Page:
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All bets on Souapiti dam as Guinea struggles to overcome supply shortfalls

15 February 2018

President Alpha Condé faces a string of elections confronted by power outages and other services shortfalls that have brought protestors back on the streets. In this difficult context the Souapiti HEP dam’s start-up could provide a major boost at national and regional levels, according to African Energy Live Data’s analysis of Guinean developments through to 2022

Another bout of load-shedding brought angry protestors onto the streets of Conakry in January. While President Alpha Condé strode the international stage in his last days as African Union chairman, clashes back home over the lack of services highlighted the extent of shortfalls in the supply of power, water and other services.* This issue was expected to feature large in local elections, which were held on 4 February after eight years of delay blamed on a range of political and economic issues, including the 2013-16 Ebola crisis.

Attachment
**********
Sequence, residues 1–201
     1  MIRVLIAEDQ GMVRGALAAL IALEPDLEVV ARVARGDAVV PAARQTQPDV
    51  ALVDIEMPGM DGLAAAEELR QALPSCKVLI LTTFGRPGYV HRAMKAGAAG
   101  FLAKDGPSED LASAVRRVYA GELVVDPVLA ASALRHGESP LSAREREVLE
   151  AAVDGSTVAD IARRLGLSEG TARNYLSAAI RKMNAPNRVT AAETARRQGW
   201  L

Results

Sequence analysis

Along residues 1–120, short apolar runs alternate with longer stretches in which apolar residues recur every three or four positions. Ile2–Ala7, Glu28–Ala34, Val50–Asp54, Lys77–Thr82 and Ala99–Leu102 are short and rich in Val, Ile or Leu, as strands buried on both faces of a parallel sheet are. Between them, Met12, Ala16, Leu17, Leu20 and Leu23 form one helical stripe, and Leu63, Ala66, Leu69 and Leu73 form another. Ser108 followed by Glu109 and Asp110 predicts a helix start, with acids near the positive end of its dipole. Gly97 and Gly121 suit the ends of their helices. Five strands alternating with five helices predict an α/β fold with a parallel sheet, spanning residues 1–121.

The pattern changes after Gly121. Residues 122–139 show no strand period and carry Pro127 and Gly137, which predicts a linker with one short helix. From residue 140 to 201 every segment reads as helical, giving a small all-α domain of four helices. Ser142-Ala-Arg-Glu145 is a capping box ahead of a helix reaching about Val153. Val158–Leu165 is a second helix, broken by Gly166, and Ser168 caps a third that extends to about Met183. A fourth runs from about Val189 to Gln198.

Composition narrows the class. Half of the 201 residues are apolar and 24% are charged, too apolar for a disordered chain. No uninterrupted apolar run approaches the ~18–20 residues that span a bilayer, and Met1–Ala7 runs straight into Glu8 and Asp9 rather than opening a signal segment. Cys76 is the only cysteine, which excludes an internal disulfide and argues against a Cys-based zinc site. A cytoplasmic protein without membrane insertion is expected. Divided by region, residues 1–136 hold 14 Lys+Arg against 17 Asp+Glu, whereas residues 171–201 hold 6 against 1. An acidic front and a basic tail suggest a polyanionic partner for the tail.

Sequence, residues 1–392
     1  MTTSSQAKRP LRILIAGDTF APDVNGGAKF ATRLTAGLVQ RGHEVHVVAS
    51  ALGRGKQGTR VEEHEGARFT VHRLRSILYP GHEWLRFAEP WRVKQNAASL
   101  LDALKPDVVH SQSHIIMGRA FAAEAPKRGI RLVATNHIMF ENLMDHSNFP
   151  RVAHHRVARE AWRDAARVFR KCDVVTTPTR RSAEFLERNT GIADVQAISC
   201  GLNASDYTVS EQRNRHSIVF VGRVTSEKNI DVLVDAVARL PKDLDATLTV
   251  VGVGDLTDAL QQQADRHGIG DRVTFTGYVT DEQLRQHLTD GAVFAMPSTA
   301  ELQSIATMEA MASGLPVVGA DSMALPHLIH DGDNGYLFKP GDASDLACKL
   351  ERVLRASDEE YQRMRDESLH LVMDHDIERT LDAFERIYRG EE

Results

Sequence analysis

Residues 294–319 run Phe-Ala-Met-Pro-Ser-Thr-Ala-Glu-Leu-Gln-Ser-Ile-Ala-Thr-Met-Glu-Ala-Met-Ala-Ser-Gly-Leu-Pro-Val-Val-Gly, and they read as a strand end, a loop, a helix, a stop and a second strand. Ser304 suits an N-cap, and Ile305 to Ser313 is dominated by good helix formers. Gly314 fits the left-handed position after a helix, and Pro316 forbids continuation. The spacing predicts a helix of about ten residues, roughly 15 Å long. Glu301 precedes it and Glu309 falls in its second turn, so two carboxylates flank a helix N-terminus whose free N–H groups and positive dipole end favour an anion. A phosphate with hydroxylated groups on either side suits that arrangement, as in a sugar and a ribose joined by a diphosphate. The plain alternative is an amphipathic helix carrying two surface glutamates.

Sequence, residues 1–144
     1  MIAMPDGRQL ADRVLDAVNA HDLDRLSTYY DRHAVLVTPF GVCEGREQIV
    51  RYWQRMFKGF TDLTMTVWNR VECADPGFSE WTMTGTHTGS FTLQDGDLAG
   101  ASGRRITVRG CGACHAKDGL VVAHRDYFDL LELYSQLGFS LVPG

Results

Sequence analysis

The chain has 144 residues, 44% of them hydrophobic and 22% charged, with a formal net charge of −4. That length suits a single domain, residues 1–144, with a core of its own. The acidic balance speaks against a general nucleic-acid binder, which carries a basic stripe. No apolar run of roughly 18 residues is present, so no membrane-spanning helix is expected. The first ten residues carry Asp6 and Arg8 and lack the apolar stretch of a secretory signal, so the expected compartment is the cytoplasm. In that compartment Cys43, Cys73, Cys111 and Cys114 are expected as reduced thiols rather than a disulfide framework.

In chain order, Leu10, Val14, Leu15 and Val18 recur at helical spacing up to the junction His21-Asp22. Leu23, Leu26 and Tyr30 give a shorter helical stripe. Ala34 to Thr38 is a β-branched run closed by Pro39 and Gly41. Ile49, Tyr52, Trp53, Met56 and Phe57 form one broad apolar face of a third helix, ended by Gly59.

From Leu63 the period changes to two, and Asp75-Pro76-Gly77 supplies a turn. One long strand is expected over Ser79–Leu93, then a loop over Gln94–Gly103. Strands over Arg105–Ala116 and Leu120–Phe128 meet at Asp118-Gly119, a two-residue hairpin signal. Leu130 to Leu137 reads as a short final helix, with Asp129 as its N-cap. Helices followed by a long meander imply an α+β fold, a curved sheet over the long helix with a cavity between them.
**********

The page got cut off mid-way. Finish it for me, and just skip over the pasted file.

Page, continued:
Those polls ended in acrimony, with opposition leaders crying foul amid claims of vote-rigging across the country. Further tests are expected if legislative elections can be held as planned later this year, ahead of the next presidential election, scheduled for 2020. The government is expecting a significantly improved provision of services by then, provided projects can be implemented and financial flows maintained.

While cash-strapped utility Electricité de Guinée (EdG) struggles with its pressing immediate problems, it could seek comfort in a more promising medium-term outlook. Analysis of African Energy Live Data's project pipeline for 2018-22 suggests installed on-grid capacity will more than double, rising from 498MW in February 2018 to 1,221MW in 2022. This depends on efforts to renovate malfunctioning local plants to near installed capacity, as well as bringing new capacity into service.

Read the full analysis


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